Where, then, is that peace to be found? Though “my peace I
give you,” says Jesus, please understand that “I do not give to you as
the world gives.” Worldly matters (war, money, and politics) will still
be settled on the public stage. Sometimes problems can be solved; often
they cannot. Yet those who love God, those who trust in His Son Jesus,
can find peace within themselves, even in the midst of chaos
without. “Do not let your hearts be troubled and do not be afraid.”5 says Jesus. “Take heart! I have overcome
I am sorry to have to say that I see no signs that we will
ever see complete peace while we live this life. What we can
have in lieu of peace on earth, says Jesus, is peace within. The apostle
Paul understood this about a Christian’s peace. “I have learned,” he
said, “the secret of being content in any and every situation, whether
well fed or hungry, whether living in plenty or in want.” That secret?
“I can do everything through him who gives me strength.”7
Clearly, the peace that Jesus brought has not yet become
universal: but it does exist in the hearts of those who know that Jesus
is reliable and trustworthy.
Furthermore, He has something better in store for us.
The Quecreek Mine in Somerset County, Pennsylvania, made
history for five tense days in July 2002. Nine miners were trapped in a
flood of water 250 feet below the surface, less than 13 miles from the
tragic spot where United Airlines flight 93 had crashed on September
11, 2001. The miners’ situation was grave, their hope of survival slim.
Unknown to them, frantic efforts were being made above ground to save
Less than 24 hours after their ordeal began, the miners heard
a grinding noise, and soon a drill penetrated the roof of the shaft
where they were holed up. Fresh, hot air began flowing in from the
surface. Next came food, water, and light. Best of all, rescue was on
“Rescue?” they might have asked. “But we’re still trapped in
Nevertheless, even though they were still underground, from
that point forward they had hope that they would eventually be free.
And sure enough, 78 hours—a little over three days after their ordeal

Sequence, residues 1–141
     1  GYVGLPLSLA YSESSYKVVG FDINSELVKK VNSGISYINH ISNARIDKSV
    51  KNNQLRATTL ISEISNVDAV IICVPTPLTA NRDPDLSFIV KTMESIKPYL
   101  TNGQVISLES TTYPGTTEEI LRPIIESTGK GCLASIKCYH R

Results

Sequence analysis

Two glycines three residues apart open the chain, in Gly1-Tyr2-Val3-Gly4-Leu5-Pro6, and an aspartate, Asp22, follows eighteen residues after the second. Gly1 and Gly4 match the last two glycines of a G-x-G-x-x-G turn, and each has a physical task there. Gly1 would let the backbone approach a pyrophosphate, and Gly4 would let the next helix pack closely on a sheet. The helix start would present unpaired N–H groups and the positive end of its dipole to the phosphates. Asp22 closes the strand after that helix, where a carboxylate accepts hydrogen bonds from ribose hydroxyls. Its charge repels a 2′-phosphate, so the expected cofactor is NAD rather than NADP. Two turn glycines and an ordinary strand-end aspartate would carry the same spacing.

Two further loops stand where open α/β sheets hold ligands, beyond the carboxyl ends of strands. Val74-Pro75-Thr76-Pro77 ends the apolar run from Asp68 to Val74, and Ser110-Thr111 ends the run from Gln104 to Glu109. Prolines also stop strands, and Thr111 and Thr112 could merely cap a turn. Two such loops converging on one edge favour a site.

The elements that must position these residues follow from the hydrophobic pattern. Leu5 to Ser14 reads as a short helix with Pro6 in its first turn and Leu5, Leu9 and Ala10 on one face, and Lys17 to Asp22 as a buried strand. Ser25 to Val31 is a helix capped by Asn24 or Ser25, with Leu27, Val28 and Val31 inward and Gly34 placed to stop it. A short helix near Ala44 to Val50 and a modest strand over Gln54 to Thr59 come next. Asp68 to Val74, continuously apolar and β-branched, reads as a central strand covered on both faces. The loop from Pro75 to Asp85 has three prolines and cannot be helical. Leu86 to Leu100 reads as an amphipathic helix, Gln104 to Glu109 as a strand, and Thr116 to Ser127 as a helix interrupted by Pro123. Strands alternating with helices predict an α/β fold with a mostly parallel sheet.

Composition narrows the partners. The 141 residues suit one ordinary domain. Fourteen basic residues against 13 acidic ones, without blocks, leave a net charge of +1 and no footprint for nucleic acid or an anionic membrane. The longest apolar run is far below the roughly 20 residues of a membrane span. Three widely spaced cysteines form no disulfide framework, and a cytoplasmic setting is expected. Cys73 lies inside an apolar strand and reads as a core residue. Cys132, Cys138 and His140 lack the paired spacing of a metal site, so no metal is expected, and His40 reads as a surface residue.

began—the last of the miners was pulled out of the flooded mine.
Jesus’ death and resurrection has made it clear that even
though we’re still living on this troubled earth, we will eventually be
free. Jesus left, He told His followers, to prepare a place for us. His
promise: “I will come back and take you to be with me that you also may
be where I am.”8 And where He is,
praise God, “There will be no more death or mourning or crying or pain.”9 In fact, the entire “old order of things”
that we live by on this earth (wars and armies, attack and revenge,
power and money, survival of the rich and strong at the expense of the
poor and weak) will be done away with! There will be “a new heaven and
a new earth.” One of Revelation’s interesting observations is that in
this new earth, gates and doors will never be closed, for all threats
of violence, all war and crime and corruption, will have disappeared.
“The glory and honor of the nations” will be brought into that city;
but “nothing impure will ever enter it, nor will anyone who does what
is shameful or deceitful”10
Are you impatient for the day when there’s really peace on
earth? So am I. But I know it will come. I am absolutely certain of it.
And it may come sooner than we think.
In the meantime, thank God for the peace and confidence that
Jesus brings us. Our rescue is assured!
Loren Seibold is pastor of the Seventh-day Adventist Church
in Worthington, Ohio.